Today’s hearing in the U.S. Senate put some limelight on the event that will affect about 20 million U.S households. Good news is that NAB will launch public announcements airing in December, according to LA Times. Mainstream media reported from the hearing focusing on the deep concerns that Senators expressed today.
Reuters headlines its piece: Many in the dark about TV switch: U.S. lawmakers.
Fox News carries the story from AP headlined: Senators Worried About TV ‘Train Wreck’
The L.A Times business reporter Jim Puzzanghera write that Senators decries the present conditions among TV-viewers. The efforts that are made this far by the Government and Government agencies are to few and very late. Senators raised concerns that voters/ consumers would call them and not the stakeholders in the TV industry if the transition backfires.
Reactions in the blogosphere follows the same beat. Nate Anderson at Ars Technica writes about the problems seniors will face because of the transition. Since the group above 50 watches TV more than 5.5 hrs a day and their generally low understanding of the transition and converter boxes. Anderson writes that “you have the conditions for a perfect storm”. He also writes ads:”Disgruntled seniors are unlikely to storm Washington with torches and pitchforks, but they are a powerful voting bloc”.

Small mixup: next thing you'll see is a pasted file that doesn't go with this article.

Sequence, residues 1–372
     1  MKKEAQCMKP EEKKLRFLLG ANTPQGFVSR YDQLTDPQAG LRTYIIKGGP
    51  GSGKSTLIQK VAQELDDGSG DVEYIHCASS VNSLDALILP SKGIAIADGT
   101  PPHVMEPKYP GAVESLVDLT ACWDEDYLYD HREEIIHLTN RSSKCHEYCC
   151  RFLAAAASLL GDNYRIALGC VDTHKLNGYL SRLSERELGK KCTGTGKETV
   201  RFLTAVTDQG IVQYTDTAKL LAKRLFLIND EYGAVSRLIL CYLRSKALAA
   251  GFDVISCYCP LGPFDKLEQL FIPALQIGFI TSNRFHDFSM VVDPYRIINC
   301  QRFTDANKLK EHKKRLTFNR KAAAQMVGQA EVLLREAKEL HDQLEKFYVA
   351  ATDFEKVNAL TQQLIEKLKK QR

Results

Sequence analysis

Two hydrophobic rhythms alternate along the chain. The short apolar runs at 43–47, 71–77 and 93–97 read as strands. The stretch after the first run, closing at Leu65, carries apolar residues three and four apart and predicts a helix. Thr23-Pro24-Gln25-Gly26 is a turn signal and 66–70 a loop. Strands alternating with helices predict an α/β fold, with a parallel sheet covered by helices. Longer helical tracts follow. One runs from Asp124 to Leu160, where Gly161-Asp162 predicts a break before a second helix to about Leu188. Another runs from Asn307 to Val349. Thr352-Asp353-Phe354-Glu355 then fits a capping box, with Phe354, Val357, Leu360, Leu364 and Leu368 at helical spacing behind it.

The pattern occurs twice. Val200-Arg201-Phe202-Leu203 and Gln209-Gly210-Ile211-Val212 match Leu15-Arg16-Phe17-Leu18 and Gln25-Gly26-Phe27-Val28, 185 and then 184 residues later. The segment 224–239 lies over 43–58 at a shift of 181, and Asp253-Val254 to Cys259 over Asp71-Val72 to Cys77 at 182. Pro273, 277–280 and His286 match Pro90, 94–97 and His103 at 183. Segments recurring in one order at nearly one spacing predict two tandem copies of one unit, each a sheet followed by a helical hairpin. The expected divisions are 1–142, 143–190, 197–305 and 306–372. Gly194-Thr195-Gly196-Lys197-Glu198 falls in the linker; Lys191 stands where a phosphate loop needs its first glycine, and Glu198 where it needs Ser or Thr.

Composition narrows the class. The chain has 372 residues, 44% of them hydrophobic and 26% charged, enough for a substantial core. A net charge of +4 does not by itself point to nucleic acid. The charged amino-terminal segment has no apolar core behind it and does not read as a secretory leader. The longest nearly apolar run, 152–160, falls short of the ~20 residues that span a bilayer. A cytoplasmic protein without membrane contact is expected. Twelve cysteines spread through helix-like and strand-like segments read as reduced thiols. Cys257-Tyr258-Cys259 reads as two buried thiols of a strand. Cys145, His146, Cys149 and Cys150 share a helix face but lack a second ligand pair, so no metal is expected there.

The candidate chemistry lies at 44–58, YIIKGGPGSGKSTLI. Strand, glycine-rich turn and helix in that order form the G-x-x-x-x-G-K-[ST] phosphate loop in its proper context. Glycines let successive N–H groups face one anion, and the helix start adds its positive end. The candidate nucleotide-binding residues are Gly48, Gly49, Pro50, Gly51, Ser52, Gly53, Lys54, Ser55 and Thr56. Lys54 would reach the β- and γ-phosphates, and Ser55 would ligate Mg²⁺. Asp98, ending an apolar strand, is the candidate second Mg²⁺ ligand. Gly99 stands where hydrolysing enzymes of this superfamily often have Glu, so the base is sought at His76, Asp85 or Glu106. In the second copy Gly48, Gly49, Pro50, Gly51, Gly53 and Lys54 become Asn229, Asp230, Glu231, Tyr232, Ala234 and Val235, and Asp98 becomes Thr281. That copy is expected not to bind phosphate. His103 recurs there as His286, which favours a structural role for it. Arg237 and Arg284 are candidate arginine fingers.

Multichannel News reporter Ted Hearn, writes that the DTV transition scares Senator McCaskill (D-Mo). She finds the transition is already tomorrow by Governmental standards. And the Senator ads “There is no anger that comes close to the anger of an American who can’t get television.” writes Hearn.
NAB estimates that there are about 69 million analog TV-sets in U.S. households that can go dark on February 17, 2009. NTIAs converter box coupons will only suffice for 33.5 million converter boxes with the budget that are expected. NAB also estimates that 60% of consumers are not aware of the transition to DTV as of today. But even these figures varies among stakeholders.
I find it remarkable that the facts about TV viewers still are unclear. It is one thing if people know about the transition date as such. But the core challenge to manage is to make consumers understand what to do or if they are affected at all. For me this hearing is a benchmark for the status of the transition. I really don’t expect that politiceners will know the details of the transition. And I do really wonder what the politiceners can come up with to turnaround the present state of the transition.
In my view there is no one else better suited for the mission than the TV industry. They have the real ways and means to make the transition smooth and successful.
Their secret tool?